Getting Python to Go Faster

No one likes a slow application. So, it doesn’t surprise me that readers of Professional IronPython and Beginning Programming with Python For Dummies have asked me to provide them with some tips for making their applications faster. I imagine that I’ll eventually start receiving the same request from Python for Data Science for Dummies readers as well. With this in mind, I’ve written an article for New Relic entitled 6 Python Performance Tips, that will help you create significantly faster applications.

Python is a great language because you can use it in so many ways to meet so many different needs. It runs well on most platforms. It wouldn’t surprise me to find that Python eventually replaces a lot of the other languages that are currently in use. The medical and scientific communities have certainly taken a strong notice of Python and now I’m using it to work through Data Science problems. In short, Python really is a cool language as long as you do the right things to make it fast.

Obviously, my article only has six top tips and you should expect to see some additional tips uploaded to my blog from time-to-time. I also want to hear about your tips. Make sure you write me about them at Be sure to tell me which version of Python you’re using and the environment in which you’re using it when you write. Don’t limit your tips to those related to speed either. I really want to hear about your security and reliability tips too.

As with all my books, I provide great support for all of my Python books. I really do want you to have a great learning experience and that means having a great environment in which to learn. Please don’t write me about your personal coding project, but I definitely want to hear about any book-specific problems you have.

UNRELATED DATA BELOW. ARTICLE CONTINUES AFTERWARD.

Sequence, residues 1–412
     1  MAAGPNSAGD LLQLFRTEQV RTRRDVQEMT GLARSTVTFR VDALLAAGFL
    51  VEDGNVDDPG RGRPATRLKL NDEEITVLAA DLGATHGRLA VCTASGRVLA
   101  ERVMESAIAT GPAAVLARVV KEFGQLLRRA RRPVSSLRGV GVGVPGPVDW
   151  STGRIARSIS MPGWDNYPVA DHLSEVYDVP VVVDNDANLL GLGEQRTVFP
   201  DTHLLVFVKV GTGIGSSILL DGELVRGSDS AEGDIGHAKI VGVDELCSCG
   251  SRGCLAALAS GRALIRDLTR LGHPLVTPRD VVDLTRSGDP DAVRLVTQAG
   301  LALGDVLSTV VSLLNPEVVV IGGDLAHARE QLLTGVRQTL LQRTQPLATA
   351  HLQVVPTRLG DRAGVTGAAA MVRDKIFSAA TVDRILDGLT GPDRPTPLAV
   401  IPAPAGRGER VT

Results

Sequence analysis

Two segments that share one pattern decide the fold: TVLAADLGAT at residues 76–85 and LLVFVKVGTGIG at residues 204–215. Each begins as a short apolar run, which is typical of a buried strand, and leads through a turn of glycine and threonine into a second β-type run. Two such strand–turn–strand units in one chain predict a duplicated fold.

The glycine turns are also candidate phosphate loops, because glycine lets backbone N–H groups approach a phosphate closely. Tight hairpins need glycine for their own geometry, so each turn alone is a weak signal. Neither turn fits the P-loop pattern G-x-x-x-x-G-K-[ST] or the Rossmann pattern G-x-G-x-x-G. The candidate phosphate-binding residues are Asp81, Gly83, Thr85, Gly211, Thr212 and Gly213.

Considering the Performance Triangle

It has been at least ten years ago now that I was reading an article and considering its ramifications in light of my current book. The name of the article has fallen by the wayside over the years, but the book was entitled, “.NET Development Security Solutions.” I was considering two important questions in the creation of my book:


  • Is it possible to create a truly secure application?
  • What is the actual cost of a secure application?

They’re essential questions and the answers to them continue to have an effect on my book writing efforts. The answer to the first question is yes—it’s possible to write a truly secure application. However, in order to obtain such an application, it can’t have any connectivity to anything. The second that an application has any connectivity, whatsoever, with anything else, it becomes contaminated by that connection. Don’t just think about users entering incorrect data here. The data on a hard drive can be corrupted, as can the memory used to hold the application. For that matter, someone could probably make the argument that it’s possible to create serious problems in the processor. My readers are a truly ingenious lot, so I’m sure if I gave you enough time, you could come up with an application that has no connectivity whatsoever with anything, but the usefulness of such an application is debatable. What good is an application with no inputs or outputs? I came to the conclusion, after quite a few hours of thought, that the most secure application in the world does nothing at all, interacts with nothing at all, and is pretty much worthless.